Summary


When encountering a kernel hang, panic, oops, or MCA (IA-64 only), remember that troubleshooting each condition involves key steps. In the event of an OS hang, you must decide whether it is an interruptible hang. After you determine this, you can proceed with troubleshooting. The goal with any hang, panic, oops, or MCA is to obtain a stack trace. This information is necessary early in the troubleshooting process to guide us to the source of the problem. Let us recap the key points of each type of scenario and the steps to troubleshooting them.

  • Interruptible hangs

     

    1.

    Use the Magic SysRq keys to attempt to gather stack of processor and offending processes.

    2.

    Check the registers: Alt+sysrq+p.

    3.

    Gather process stacks: Alt+sysrq+t.

    4.

    If SMP kernel, gather all processor stack: Alt+sysrq+w.

    5.

    Synchronize filesystems: Alt+sysrq+s.

    6.

    Reboot (soft reset) the system to clear the hang: Alt+sysrq+b.

    7.

    After system is booted, review all the logs.

    8.

    A serial console may be required to capture output of the sysrq keys.

  • Non-interruptible hangs

     

    1.

    Set up dump utility in case a panic is taking place. Recommended dump utilities include diskdump and lkcd. If running on an IPF system, a dump can be achieved by issuing a TOC, forcing a hardware INIT. The System Abstraction Layer then sees that the OS has an INIT handler. If the functionality is in place, the kernel handles the INIT and pulls panic(), utilizing the aforementioned dump utilities to create a dump. (SUSE Linux Enterprise Server 9 (ia64) - Kernel 2.6.5-7.97 uses lkcd and has this feature enabled by default.)

    2.

    On IA-32 x86 systems, the nmi_watchdog timer can be helpful in troubleshooting a hang. See linux/Documentation/nmi_watchdog.txt.

    3.

    As with interruptible hangs, review system logs.

  • Panics

     

    1.

    Collect the panic string.

    2.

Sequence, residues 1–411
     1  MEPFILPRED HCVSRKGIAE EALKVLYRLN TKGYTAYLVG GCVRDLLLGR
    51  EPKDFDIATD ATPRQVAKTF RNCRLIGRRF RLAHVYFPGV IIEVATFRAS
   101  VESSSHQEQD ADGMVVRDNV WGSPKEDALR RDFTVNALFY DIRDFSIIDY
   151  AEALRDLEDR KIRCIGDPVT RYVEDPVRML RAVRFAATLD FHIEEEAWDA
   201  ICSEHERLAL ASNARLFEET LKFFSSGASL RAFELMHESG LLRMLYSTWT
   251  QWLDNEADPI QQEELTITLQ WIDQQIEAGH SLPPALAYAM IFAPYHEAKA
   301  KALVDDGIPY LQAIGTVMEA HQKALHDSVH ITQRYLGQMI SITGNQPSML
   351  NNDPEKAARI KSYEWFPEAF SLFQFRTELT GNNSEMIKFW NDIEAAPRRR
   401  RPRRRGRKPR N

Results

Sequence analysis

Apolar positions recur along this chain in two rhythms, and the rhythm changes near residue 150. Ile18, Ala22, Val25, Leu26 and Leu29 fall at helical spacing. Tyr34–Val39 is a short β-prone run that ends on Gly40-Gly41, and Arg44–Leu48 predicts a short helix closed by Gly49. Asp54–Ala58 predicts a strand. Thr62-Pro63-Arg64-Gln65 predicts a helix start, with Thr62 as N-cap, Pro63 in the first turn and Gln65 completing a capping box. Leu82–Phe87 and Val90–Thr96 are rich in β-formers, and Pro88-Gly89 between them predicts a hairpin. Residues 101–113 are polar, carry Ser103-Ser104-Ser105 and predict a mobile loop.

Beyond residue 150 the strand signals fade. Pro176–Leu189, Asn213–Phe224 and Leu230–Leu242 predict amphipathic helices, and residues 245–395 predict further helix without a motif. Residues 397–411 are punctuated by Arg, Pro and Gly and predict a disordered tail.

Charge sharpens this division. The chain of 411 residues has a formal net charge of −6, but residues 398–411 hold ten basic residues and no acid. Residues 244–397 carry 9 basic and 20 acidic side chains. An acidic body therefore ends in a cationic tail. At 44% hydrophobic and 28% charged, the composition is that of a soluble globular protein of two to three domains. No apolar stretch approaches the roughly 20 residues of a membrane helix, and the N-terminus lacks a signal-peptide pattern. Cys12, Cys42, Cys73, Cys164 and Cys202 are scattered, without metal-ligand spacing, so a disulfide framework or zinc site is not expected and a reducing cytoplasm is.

Review hardware and software logs.

    3.

    If problem cannot be identified through the console, the dump utilities must be enabled.

  • Oops

     

    1.

    Review the stack trace of the oops with ksymoops (no longer needed with the latest klogd and kernel releases).

    2.

    Locate the line that states Unable to handle kernel NULL pointer.

    3.

    Locate the line showing the instruction pointer (IP).

    4.

    Use gdb to look at the surrounding code.

  • MCA

    At the EFI shell (IA64 only), collect the CPU registers by performing the following steps:

     

    1.

    shell> errdump mca > mca.out.

    2.

    shell> errdump init > init.out.

    3.

    Send to hardware vendor for review.

Although these are the key conditions and steps to remember, every troubleshooting process is unique and should be evaluated individually to determine the ideal troubleshooting path. Of course, before consuming vast resources troubleshooting a problem, confirm that you are running on the latest supported kernel and that all software/hardware combinations are in their vendor-supported configurations.



Linux Troubleshooting for System Administrators and Power Users
Real World Mac Maintenance and Backups
ISBN: 131855158
EAN: 2147483647
Year: 2004
Pages: 129
Authors: Joe Kissell

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